Zoned; the other side of the Friend Zone

Rachel Dixon, Guest WriterFriend Zone

Victim shaming, a heavily discussed topic about which there is already heavy discussion, is a huge problem in today’s society. So many vulnerable people are made to feel ashamed for being forced into a situation where they felt uncomfortable.
Our culture needs to stop dismissing victims and needs to start apprehending predators, especially because victims, particularly women, are made to feel that they are responsible for the inappropriate behavior that is exhibited towards them. They are taught that they, in some way, “caused it,” although they most certainly did not.
I want to tell people that it’s okay to say no, it’s okay to confront someone about “creepy” behavior, and it’s okay to take action against it. I want to tell people that in no way, shape, or form are they ever at fault for the actions of others towards themselves.
Nowadays, it is a common occurrence to hear complaints about being in the “Friend Zone” from men and women alike. These complaints are often taken without another thought; it is assumed that it is okay to be angry at what really is the simple rejection of their affections.
This attitude of entitlement to the reciprocation of romantic attraction is so ingrained in the minds of people that when they are in the position of being the “friendzoner” they are made to feel as if they are the problematic one. They are told that they should not have acted one way or another so as to not have “led them on.”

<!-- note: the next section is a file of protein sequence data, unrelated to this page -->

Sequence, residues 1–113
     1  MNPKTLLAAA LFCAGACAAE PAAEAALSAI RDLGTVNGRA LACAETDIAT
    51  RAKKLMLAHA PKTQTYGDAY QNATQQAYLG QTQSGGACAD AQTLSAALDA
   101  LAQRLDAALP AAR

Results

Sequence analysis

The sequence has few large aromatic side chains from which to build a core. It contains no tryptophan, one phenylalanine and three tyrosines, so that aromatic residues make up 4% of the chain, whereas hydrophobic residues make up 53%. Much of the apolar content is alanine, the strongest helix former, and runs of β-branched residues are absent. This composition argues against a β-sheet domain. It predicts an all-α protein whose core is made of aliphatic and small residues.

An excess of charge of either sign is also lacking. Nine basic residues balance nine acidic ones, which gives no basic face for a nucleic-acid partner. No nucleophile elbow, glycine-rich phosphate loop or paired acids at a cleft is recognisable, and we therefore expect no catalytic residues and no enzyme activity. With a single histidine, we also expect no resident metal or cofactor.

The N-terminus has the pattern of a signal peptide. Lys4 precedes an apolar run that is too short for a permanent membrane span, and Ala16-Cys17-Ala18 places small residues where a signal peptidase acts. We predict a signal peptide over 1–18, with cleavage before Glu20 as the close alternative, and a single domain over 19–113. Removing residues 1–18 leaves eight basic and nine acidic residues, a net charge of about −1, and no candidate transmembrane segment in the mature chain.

Of course, the rejected person has every right to be sad, upset, or disappointed that their love interest does not feel the same way, but under no circumstances is anger a validated emotion.
I say again, in no way is a girl (or boy) ever at fault or in the wrong for rejecting the advances of another human being.
One of the reasons I want so badly to convey this point is because I recently bore witness to two cases of this, or rather the opposite of this, within the past two weeks here on campus.
In both cases, friends were pursued by a boy and rejected him. In one case, he was persistent, and in the other, he became aggressive. Neither of his reprisals were acceptable, yet both victims felt they should apologize to him, that perhaps they had misjudged him and behaved incorrectly.
Now, the response of their friends and others that I live with was inspiring. They would not allow their friends to feel guilty for their actions, but instead reminded them that it is okay to say no and it is okay to reject someone who is making them feel uncomfortable.
They even supported one of these two in a confrontation with that boy about his behavior, so that he might know what he did wrong and not intimidate any other girls.
Whether or not he will change his behavior is unknown, but what I do know is that an empowering and supportive environment helped my close friends from feeling ashamed for saying “no,” and that there is no need for an “I’m sorry,” to follow it.
If more people acted like that—supportive, understanding and encouraging; perhaps young girls and boys would feel appropriate in being who they are and feel safe in protecting themselves.
As a result, more people would not have to suffer in silence or hide in fear, but would instead be open and communicative with others around them.
All in all, we just need to be there for each other—and hold each other accountable. 🅼

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